In a typical high school, a noisy class usually means there's a substitute teacher on hand. But in room 403 at Pomperaug High School in Southbury, Conn., chatter is actually part of the learning process. Gone is the traditional format: teacher at the head of the class, students lined up at individual desks. The 34 sophomores are grouped in clusters while four teachers mill about, overseeing their work. The curriculum is innovative, too. It's an interdisciplinary course called Project Discovery, which combines English, social studies and biology. Each student within a cluster has a project; on a recent day some were writing biological classifications on note cards while others were putting together essays.
Pomperaug is one of a growing number of public and private high schools around the country that are experimenting with what's called "cooperative learning." Students study in groups and teachers act as guides rather than as policemen or lecturers. The theory is that kids learn more if they are actively involved. The old teachercentered approach, advocates say, turns kids into passive sponges of knowledge, competing with one another for grades and praise from teachers. Cooperative learning encourages kids to spend less time worrying about class rank and more time on their work. In the Project Discovery classroom, each student within the small groups has a specific task. If they don't all do their parts, no one gets credit. In this case, peer pressure is a plus. "It really helps the kid who needs that much more to get interested," says Linda Begin, a Pomperaug teacher.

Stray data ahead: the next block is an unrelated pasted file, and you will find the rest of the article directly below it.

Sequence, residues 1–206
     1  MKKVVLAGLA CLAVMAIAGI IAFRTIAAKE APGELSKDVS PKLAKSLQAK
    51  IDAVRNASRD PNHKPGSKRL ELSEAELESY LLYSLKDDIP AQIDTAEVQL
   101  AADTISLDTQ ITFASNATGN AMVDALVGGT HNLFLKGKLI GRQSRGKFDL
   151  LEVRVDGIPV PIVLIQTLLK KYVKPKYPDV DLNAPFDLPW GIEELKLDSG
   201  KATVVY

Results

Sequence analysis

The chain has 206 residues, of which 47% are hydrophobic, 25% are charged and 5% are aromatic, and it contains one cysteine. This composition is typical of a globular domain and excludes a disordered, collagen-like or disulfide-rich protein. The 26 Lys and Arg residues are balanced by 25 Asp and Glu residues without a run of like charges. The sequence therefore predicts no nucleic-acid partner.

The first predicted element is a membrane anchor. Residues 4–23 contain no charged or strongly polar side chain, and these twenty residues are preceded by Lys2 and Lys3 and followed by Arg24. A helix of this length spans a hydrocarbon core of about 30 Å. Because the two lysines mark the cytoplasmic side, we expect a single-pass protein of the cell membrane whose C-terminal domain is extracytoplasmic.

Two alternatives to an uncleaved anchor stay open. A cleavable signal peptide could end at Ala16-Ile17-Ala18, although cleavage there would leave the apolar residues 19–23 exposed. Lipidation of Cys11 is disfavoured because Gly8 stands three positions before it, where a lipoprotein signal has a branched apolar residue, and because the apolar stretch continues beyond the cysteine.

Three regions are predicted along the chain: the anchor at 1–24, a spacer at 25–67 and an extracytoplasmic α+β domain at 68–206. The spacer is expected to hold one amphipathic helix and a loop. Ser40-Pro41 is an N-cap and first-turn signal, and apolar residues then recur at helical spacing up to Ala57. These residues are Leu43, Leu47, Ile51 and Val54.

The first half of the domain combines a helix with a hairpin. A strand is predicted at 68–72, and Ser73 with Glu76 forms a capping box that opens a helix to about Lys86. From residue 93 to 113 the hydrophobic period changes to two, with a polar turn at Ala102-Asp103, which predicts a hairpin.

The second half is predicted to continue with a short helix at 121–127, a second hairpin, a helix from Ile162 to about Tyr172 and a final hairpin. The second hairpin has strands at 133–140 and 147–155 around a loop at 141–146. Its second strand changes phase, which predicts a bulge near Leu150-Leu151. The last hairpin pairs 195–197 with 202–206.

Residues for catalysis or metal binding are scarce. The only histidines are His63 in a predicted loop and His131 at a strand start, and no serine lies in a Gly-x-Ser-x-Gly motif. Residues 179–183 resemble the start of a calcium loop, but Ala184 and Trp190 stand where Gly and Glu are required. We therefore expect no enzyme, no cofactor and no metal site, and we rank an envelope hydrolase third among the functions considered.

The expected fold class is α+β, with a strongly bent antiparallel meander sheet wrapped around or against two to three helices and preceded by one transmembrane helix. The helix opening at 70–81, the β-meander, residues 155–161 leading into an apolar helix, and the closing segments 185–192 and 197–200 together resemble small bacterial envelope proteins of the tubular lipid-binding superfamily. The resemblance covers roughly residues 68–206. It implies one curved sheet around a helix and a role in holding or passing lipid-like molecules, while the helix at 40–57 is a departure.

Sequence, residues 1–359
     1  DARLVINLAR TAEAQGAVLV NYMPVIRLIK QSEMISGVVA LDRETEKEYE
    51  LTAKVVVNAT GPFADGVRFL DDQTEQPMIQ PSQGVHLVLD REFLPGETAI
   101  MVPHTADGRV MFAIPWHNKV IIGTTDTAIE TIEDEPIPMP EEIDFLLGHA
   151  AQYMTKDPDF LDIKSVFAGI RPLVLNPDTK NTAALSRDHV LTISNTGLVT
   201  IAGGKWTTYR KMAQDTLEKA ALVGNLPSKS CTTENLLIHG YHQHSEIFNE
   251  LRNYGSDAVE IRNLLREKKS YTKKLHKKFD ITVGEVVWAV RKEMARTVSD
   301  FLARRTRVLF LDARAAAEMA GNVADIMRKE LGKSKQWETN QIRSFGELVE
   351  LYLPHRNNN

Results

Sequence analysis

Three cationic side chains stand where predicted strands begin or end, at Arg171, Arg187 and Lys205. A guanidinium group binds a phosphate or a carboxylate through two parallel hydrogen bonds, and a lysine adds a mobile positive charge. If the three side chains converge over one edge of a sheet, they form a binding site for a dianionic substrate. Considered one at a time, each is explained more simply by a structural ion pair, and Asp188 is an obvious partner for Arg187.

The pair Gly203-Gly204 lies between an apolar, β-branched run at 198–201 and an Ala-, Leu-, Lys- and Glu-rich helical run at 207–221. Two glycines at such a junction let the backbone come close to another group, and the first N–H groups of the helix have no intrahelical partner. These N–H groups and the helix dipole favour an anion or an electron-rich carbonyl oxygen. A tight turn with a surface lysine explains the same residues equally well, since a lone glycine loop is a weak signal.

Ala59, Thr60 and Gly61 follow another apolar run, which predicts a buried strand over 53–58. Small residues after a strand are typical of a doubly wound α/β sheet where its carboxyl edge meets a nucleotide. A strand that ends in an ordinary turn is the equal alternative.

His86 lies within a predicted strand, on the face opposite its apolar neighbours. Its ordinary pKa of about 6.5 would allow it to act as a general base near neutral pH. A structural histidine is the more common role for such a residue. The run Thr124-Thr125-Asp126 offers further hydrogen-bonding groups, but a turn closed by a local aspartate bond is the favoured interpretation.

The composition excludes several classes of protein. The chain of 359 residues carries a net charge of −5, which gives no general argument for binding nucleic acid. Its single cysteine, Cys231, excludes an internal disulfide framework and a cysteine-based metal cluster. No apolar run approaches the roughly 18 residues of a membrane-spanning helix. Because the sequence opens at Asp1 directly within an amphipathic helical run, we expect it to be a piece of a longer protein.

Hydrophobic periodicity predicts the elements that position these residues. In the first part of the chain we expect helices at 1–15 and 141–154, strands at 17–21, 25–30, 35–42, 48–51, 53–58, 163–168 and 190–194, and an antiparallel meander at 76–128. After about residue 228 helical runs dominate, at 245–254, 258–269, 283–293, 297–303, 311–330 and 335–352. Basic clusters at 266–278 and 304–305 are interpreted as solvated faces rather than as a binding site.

Cooperative learning isn't a new concept; it's been used in preschools and the early elementary grades for two decades. Japanese schools also use group learning in the early grades. But until recently, most American teachers were reluctant to let older kids have the same academic freedom as little kids. Discipline was a big concern, especially for teenagers. Teachers and principals had to overcome their own beliefs about how classrooms should be structured. Some teachers say group learning makes it harder to keep track of an individual student's progress. The method does put an extra burden on teachers; lessons have to be carefully organized so that kids can work on their own without constant teacher intervention.
Grades were another hurdle. When cooperative learning was first introduced at Pomperaug, the school eliminated individual grades as part of its effort to stem competition. But parents, and some students, protested. Now all students receive individual grades, determined by the teacher's assessment of a student's contribution, along with their group grade-and the results are encouraging. Cooperative-learning students do just as well on standard tests as students in regular classrooms, Pomperaug officials say, and they've had the extra advantage of learning to work as a team. Many are veterans of group classrooms, having started in kindergarten. "In a regular class, if you don't get it, you feel really alone and left out," says Selena Munoz, 18. "This way we can talk about it until we understand."